For bigger teams, you might want to look into tools like Slack or Microsoft Teams that have more options for private chat rooms and easy ways to share files. Both of these tools, and others like them, offer free plans.
Use a Project Management Tool
You may already use a project management tool, which sets you up for success. If you don’t, consider looking into tools such as Asana, Trello, and Toggle Plan. These tools keep all of your deadlines, communication, and files in one place resulting in fewer emails and improved productivity. A lot of these tools also offer free plans for small businesses.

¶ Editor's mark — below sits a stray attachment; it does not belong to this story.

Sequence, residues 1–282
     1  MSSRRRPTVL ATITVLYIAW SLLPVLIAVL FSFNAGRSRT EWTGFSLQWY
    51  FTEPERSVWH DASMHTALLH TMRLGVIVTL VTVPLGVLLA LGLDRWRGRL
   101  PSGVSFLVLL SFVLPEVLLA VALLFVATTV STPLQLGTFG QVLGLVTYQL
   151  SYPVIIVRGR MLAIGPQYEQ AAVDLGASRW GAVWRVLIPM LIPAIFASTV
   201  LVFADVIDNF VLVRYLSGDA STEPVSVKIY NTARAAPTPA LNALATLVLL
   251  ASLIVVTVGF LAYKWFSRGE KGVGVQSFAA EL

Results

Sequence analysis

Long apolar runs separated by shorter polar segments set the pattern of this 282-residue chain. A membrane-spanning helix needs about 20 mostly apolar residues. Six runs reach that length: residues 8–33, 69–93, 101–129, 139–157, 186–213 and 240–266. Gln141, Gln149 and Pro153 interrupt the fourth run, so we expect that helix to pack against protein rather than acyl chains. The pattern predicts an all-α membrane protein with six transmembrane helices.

Digitize Essential Documents
Make sure that all of the documents your employees will need to continue doing their job are available while they’re working remotely. For some businesses, that will mean digitizing paper documents. Others may need to modify the security on their servers to allow access.
If your business uses a location-based system for tracking hours, it’s a good idea to switch to an online time-tracking system. The same applies to payroll; with an online system, you can pay your employees via direct deposit instead of a check, thereby eliminating the need to go out to cash it.
Make It Easier for Customers to Pay You
Online payment options can also be extended to your customers, which minimizes direct contact with your customers and offers a welcome convenience. With a simple payments system, your clients can receive and pay your invoices online. The more online payment options you can offer, the better.
Don’t Forget About Company Culture